Becoming employed means that you assume a number of rights and responsibilities. Here is a brief overview:
Some of these topics may also be covered in your induction to your new workplace in the first few weeks of work.
Your rights at work include your basic human rights, contract of employment, pay including the National Minimum Wage, holidays and holiday pay, sick leave, parental rights and flexible working. You can familiarise yourself with the law covering these topics by visiting the Citizens Advice Bureau website.
Understanding your first payslip
Your payslip may either be on paper, sent to you by email or be available through a secure website. To get a good understanding of what all the deductions in your pay are please take a look at the information available on the Money Advice Service website.
Your equality rights provide you with the right to be treated fairly and not be discriminated against because of your age, disability, gender reassignment, marriage and civil partnership, pregnancy and maternity, race, religion or belief, sex or sexual orientation.
More information can be found on the Equality and Human Rights Commission website.
If you are a disabled person, you have disability rights that protect you from discrimination. Employers are required to make ‘reasonable adjustments’ when recruiting someone with a disability. However, the changes required will vary depending on the size of the employer and what is sensible for them.
Mental health-related problems are considered a disability if it has a long-term effect on your normal day-to-day duties. Again, your employer is required to make ‘reasonable adjustments’ so that you are not disadvantaged compared to non-disabled people. The Mind website has more help and guidance.
Health & safety
All workers are entitled to work in environments where risks to their health and safety are properly controlled. Employers have the primary responsibility for the health and safety of their workers and visitors.
As an employee, you also have responsibilities for taking care of your own safety, and of your colleagues, where they may be affected by your actions. Employers are responsible for ensuring you are aware of their arrangements for health and safety in your workplace and will usually cover these in your first week at work as part of your induction.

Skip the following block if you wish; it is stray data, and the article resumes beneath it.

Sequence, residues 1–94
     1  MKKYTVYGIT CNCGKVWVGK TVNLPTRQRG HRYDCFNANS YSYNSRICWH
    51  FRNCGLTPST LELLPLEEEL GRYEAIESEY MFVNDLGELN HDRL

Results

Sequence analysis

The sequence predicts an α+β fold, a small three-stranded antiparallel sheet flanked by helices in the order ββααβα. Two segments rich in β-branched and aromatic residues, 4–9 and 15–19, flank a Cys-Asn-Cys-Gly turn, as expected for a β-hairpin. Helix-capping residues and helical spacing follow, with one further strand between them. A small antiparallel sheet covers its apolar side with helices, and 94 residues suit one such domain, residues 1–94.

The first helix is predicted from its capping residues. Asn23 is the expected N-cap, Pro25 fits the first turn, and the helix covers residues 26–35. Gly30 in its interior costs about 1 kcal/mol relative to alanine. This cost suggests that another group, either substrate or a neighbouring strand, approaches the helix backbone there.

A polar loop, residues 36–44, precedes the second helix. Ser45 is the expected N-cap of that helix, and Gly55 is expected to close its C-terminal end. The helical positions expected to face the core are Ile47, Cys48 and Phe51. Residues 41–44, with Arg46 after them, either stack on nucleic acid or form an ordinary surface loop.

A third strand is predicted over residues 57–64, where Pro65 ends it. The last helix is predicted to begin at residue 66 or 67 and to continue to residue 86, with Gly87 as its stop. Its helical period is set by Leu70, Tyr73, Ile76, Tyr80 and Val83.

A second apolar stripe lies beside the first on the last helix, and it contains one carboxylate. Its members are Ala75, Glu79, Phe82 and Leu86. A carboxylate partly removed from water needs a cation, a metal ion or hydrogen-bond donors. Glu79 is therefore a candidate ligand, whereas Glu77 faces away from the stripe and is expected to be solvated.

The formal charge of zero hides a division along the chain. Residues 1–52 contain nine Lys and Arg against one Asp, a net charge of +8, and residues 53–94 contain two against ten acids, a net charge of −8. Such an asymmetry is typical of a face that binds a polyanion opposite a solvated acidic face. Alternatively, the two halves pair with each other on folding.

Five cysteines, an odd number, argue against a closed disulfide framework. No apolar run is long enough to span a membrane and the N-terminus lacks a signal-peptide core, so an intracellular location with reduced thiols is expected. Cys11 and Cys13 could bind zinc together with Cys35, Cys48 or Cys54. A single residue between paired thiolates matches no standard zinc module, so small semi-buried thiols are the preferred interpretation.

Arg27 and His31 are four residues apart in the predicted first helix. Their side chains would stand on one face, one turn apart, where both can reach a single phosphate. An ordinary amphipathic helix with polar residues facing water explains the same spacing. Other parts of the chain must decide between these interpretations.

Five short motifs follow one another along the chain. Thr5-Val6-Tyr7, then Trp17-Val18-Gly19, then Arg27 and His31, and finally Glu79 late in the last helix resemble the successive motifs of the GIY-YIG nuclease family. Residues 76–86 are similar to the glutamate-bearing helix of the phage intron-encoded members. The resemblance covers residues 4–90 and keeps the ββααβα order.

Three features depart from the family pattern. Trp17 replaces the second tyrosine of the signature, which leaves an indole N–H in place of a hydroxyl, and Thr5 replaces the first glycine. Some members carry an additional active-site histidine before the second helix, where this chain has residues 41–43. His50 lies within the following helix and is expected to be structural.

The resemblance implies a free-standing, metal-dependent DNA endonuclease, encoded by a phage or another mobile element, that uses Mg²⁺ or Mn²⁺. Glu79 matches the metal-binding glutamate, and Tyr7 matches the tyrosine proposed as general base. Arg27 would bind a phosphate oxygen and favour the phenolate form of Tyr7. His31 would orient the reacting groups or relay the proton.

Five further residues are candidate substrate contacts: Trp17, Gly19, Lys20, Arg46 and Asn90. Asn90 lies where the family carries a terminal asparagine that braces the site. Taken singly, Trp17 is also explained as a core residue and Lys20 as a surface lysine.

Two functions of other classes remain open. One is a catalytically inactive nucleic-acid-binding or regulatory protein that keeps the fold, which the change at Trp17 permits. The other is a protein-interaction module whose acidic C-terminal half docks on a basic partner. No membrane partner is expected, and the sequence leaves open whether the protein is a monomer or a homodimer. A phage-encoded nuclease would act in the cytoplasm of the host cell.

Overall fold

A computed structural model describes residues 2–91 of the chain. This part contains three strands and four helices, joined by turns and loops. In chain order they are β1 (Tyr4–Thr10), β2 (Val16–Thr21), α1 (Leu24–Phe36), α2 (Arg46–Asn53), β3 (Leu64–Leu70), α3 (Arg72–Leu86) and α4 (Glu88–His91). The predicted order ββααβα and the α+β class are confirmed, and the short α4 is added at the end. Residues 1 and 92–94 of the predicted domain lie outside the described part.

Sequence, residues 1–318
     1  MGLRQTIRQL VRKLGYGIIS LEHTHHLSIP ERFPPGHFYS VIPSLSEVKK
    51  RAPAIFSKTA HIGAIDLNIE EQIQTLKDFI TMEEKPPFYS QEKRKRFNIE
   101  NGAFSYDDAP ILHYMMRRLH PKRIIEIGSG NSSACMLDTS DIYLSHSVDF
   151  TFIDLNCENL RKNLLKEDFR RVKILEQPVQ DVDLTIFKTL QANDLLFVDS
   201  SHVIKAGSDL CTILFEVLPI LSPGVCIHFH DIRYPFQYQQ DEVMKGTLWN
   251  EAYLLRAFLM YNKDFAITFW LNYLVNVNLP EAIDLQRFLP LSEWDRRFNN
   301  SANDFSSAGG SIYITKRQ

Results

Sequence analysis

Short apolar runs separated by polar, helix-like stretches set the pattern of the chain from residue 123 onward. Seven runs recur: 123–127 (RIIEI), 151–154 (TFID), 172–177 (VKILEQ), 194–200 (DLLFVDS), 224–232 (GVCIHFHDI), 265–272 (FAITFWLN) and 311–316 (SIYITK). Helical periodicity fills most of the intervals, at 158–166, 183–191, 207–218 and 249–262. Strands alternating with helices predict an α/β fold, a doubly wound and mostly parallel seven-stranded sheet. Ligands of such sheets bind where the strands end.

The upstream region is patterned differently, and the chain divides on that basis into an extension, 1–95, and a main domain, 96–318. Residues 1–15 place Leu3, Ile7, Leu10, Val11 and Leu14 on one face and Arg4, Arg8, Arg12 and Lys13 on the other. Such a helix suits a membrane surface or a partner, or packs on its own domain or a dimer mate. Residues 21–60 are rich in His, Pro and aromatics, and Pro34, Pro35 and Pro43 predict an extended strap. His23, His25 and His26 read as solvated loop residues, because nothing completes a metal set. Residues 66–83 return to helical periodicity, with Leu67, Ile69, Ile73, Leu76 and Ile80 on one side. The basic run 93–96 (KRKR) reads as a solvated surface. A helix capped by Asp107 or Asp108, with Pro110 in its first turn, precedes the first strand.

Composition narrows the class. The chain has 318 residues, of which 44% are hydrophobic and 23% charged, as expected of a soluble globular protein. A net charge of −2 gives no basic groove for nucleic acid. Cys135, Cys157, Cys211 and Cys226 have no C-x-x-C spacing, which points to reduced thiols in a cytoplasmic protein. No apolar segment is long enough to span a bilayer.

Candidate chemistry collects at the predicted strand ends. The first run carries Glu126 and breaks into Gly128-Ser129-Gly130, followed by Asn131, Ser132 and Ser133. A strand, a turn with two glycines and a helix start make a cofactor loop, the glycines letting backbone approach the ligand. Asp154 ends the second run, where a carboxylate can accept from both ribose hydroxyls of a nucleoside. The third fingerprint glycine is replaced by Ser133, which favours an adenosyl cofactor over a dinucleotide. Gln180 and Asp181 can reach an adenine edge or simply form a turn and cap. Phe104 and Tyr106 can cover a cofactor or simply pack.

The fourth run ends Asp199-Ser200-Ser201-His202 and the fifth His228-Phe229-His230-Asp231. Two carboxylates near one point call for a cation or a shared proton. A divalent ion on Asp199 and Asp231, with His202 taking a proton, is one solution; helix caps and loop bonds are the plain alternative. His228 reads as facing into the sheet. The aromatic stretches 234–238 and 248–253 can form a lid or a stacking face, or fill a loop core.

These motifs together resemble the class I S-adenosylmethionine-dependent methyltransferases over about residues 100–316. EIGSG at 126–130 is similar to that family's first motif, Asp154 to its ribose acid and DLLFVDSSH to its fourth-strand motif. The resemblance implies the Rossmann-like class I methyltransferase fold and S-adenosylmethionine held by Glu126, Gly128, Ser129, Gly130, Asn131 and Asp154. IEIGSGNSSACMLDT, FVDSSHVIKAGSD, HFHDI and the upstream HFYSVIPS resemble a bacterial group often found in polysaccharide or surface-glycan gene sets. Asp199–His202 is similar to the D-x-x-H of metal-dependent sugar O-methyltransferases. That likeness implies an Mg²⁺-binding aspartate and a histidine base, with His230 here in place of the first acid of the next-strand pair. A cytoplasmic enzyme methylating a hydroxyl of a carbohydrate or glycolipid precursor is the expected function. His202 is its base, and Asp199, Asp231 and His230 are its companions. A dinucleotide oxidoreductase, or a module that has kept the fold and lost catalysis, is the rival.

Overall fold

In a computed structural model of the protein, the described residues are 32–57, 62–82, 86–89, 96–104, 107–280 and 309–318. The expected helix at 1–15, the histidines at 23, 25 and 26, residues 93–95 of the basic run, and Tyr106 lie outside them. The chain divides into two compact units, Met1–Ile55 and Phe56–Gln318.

You might like to read the basics of health and safety before you start. Employees must co-operate with employers and colleagues to help everyone meet their legal requirements.
Everyone deserves a second chance in their career. There are a number of websites with free, detailed resources that explain your rights and responsibilities under the Rehabilitation of Offenders Act. For example Gov.uk, Nacro or Unlock: the Information Hub.
Unions are a group of workers organised together to work towards better working conditions. Union members get together to talk about what’s going on and topics such as pay, pensions, safety at work, unfair treatment, or perhaps the way work is organised.
Union members usually elect a rep who - as a volunteer - takes any concerns to the employers and on occasions helps with individual concerns. It is an individual employee’s choice as to whether they choose to join a union or not.
Our Advisers’ Top Tips – Your Rights and Responsibilities at Work
Make sure you have a broad understanding of your rights at work and to know that some of the rules don’t always apply to all work.
It’s important to know your responsibilities within the law as much is it is to know your rights. You have responsibility for your own wellbeing and that of your colleagues.
Understand your financial matters – your pay, your deductions, your tax, your Basic State Pension contributions and your entitlement to employer pension contributions.